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Even As Mail-In Voting Grows, Overall Primary Turnout Low, Especially Among Democrats

"I Voted" sticker
Vox EfX via Flickr

This week’s Florida primary election attracted lower turnout than the midterm primary did in 2010. We took a look at some factors keeping people away from the polls, what some counties did to buck the trend and why Democrats might need to worry heading into November.

The primary turnout numbers were pretty dismal. But before we get to that, first, let’s hear from some voters about why they showed up on Election Day.

Tallahassee resident Tim Fletcher said, “If people don’t exercise it, eventually it’s going to disappear. And eventually they’re going to want it back.”

He had driven to a church near his house, he said, just to vote for Gov. Rick Scott in his primary against two Republican challengers.

“Just making sure that he knows that he’s got people out there supporting him, basically,” Fletcher said.

Tori Green says she came to the same polling place mostly because of city-level elections. Her motivations?

“The crime rate and education,” she said. “Those are my main two.”

And across town on the Florida A&M University campus, student Meridith Tucker voted as a registered Democrat.

“I just felt like we need more change, and I didn’t feel like Rick Scott was the man that was doing that, so I just wanted to try and get him out of office and get someone else in,” Tucker said.

After votes were counted in all 67 counties, it turns out, those voters were part of a small minority statewide. Among registered Republicans and Democrats, just one-fifth voted. Factor in people unaffiliated with a political party, and the overall turnout dipped to just 17.5 percent.

“There wasn’t a lot of statewide attention, and frankly, the other factor is we have very few competitive down-ballot races,” University of Florida Political Science Professor Dan Smith says.

Smith says Florida has some of the least competitive districts in the country, meaning many congressional and state-level incumbents are already reelected with little or no opposition. He believes it’s because of how the Legislature has drawn district boundaries.

“We have very lopsided districts in terms of either packed with Republicans or packed with Democrats, and as a result, the rational candidate or potential candidate is not going to throw his or her hat into the ring,” Smith says.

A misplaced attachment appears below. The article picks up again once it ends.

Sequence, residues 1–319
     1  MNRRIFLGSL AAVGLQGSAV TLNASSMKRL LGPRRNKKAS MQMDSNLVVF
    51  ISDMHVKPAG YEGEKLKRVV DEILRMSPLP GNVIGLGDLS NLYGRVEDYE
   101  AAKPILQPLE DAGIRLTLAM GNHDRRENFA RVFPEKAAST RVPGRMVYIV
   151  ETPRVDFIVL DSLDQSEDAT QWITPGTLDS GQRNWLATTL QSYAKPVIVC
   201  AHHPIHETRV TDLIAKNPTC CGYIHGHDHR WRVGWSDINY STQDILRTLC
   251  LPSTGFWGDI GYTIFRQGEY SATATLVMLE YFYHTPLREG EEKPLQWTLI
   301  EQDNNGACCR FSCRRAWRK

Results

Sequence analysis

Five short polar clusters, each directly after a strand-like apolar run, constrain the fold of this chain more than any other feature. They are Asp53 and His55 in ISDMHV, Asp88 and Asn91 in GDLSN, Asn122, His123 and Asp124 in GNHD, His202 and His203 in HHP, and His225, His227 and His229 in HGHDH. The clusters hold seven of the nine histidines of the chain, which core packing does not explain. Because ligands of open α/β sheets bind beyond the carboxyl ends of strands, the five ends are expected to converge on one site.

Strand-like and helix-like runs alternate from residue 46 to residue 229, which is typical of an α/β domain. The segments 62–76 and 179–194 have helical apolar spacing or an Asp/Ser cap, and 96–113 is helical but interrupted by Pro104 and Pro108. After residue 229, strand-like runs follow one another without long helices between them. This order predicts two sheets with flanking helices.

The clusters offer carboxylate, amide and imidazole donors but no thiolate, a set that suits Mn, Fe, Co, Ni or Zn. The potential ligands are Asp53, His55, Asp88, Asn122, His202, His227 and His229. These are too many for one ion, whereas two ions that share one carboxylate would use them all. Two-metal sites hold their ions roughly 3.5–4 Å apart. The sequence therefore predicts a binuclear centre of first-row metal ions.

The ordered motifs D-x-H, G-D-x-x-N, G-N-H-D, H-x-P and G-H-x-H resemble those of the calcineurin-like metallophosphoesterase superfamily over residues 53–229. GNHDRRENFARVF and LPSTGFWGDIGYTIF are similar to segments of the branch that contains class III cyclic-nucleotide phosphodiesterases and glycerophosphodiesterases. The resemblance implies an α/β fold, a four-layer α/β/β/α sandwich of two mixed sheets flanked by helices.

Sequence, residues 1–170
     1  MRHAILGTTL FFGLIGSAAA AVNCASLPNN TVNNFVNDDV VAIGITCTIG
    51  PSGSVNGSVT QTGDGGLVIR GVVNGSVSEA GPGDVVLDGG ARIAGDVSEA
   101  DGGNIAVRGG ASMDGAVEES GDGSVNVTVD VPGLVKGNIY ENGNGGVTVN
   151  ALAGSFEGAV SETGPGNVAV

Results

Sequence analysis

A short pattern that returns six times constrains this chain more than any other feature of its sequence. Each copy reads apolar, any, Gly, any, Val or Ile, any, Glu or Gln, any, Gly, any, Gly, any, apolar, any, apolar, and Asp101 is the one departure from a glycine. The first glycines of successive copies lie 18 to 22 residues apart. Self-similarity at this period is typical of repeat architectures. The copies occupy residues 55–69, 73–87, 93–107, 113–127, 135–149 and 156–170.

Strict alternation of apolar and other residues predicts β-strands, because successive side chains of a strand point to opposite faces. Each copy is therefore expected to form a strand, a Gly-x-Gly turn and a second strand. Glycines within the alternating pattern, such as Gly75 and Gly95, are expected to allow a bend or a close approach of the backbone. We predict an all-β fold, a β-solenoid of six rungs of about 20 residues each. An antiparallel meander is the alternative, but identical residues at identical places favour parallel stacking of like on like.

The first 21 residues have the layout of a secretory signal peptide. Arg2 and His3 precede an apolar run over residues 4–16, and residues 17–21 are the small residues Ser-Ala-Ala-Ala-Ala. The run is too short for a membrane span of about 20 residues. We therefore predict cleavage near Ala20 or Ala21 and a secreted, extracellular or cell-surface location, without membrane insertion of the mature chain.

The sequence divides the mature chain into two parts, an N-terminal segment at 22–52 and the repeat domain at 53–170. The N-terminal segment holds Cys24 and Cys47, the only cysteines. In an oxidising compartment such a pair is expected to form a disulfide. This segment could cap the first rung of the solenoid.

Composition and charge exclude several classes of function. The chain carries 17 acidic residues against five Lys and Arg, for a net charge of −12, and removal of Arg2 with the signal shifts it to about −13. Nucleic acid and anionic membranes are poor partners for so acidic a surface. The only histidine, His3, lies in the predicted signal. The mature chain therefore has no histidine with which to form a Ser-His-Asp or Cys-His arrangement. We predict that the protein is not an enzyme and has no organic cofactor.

He says the primary election returns were particularly bad news for Democrats. Ahead of time, he predicted lots of them would turn out to decide the race between Charlie Crist and Nan Rich. He says that contest was contentious compared with the “token opposition” Scott faced on the Republican ticket. But only 18 percent of Democrats cared to choose their gubernatorial nominee, Charlie Crist.

“The Democrats have quite a lot of hurdles to excite their partisans to come out this November,” he says.

But at the same time most Floridians chose not to participate,  the primary election marked the first time more voters cast absentee and early votes than they did on Election Day—the vast majority of them by mail. Smith says it’s a positive trend because counties that aggressively promoted absentee voting saw overall turnout as high as a quarter of registered voters.

The state’s top election’s officer, Secretary of State Ken Detzner, says high mail-in ballot usage could be here to stay.  

“It very well could be. It’s a trend that we’ve seen actually since ’08, more people have been using absentee ballots. So, it could continue,” he says.

And speaking of the future of Florida’s elections, Detzner kicked off his primary night recap by reading his fortune cookie from dinner.

“It said, ‘Remember, three months from this date, good things are in store for you,’ So I’m feeling pretty good about the November election,” Detzner joked.

We’ll see how many registered voters feel the same way.